would one day link Penny Green with Tidborough and all the rest of the
surrounding world, or that a railway to Tidborough was desirable. Sabre
bicycled in daily to Fortune, East and Sabre's, and the daily ride to
and fro had become a curious pleasure to him.

There had once occurred to him as he rode, and thereafter had persisted
and accumulated, the feeling that, on the daily, solitary passage
between Tidborough and Penny Green, he was mysteriously detached from,
mysteriously suspended between, the two centres that were his two
worlds, - his business world and his home world.

With its daily recurrence the thought developed: it enlarged to the
whimsical notion that here, on his bicycle on the road, he was magically
escaped out of his two worlds, not belonging to or responsible to either
of his two worlds, which amounted to delicious detachment from all the
universe. A mysteriously aloof, free, irresponsible attitude of mind was
thus obtained: it was a condition in which - as one looking down from a
high tower on scurrying, antlike human beings - their oddness, their
futility, the apparent aimlessness of their excited scurrying became
apparent; hence frequent thought, on these rides, on the rather odd
thing that life was.

He was not in the least aware that so simple, so practical and so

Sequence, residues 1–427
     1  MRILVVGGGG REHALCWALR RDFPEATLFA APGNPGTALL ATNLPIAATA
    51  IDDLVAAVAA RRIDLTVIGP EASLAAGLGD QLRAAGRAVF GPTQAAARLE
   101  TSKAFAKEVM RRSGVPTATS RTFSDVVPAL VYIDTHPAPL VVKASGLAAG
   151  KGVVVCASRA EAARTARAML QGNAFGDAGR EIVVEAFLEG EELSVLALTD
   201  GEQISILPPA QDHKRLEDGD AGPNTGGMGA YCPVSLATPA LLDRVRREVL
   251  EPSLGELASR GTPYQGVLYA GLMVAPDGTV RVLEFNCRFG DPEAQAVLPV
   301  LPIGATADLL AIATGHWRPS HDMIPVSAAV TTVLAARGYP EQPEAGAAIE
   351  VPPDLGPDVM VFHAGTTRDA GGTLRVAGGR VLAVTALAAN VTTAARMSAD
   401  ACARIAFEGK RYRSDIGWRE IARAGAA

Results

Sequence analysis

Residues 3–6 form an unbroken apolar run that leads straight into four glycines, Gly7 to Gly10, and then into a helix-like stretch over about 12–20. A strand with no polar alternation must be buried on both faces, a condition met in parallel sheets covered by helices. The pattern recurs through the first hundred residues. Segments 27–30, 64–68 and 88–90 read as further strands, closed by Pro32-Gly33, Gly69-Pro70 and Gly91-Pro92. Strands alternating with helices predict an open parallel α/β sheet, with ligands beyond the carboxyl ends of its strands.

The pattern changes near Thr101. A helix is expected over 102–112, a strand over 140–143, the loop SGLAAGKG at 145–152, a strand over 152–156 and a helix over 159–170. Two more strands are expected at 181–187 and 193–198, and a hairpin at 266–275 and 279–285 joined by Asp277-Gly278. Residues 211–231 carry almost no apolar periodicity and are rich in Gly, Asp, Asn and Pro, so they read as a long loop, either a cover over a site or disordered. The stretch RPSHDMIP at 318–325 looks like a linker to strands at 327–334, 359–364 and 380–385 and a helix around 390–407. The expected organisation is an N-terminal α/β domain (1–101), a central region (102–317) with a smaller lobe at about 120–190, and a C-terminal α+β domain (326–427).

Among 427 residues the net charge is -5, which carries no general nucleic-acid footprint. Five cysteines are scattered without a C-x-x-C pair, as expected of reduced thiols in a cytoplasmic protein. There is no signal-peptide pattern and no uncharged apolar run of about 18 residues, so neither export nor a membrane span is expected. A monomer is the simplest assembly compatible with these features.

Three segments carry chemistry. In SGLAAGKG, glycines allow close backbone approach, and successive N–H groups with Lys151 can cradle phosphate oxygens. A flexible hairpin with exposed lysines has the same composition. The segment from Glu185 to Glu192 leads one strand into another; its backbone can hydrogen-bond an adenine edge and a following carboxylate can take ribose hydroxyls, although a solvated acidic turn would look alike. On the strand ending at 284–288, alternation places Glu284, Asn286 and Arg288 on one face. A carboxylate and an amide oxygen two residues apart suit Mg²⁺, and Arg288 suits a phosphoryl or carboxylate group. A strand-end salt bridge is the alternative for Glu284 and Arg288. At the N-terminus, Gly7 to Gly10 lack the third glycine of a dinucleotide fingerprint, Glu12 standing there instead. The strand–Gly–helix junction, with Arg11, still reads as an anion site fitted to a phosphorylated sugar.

obviously essential a thing as his daily ride - as simple, practical and
obviously essential as getting out of bed in the morning and returning
to bed at night - was moulding a mind always prone to develop meditative
grooves. But it did develop his mind in the extraordinary way in which
minds are moulded by the most simple habits. In this mere matter of
conveyance a philosopher might trace back a singularly brutal and
callous murder to the moulding into callous and brutal regard of other
people's sufferings rendered into a perfectly gentle mind by the habit
of daily travelling to business in London on the top of a motor omnibus.
It would only need to be shown that the gentle mind secured his seat
with dignity and comfort at the bus's starting point and daily for years
watched with amusement, and then with callousness and so with brutality
the struggles of the unhappy fellow creatures who fought to assail it at
its stopping places on the way to the City.

Mark Sabre was not in the least aware of any steadily permeating
influence from his sense of detachment on this daily habit of years. But
he was influenced. On entering his Penny Green world on the return home,
or on entering his Tidborough office world, on the way out, he had
sometimes a curious feeling of descending into this odd affair of life
to which he did not really belong. And for the few moments while the
feeling persisted he sometimes, more or less unconsciously, took towards
affairs a rather whimsical attitude, as though they did not really
matter: an irritating attitude, unpractical, it was sometimes hinted by
his partners; an irritating attitude - "You really are very difficult to
understand sometimes" - it was often told him by Mabel.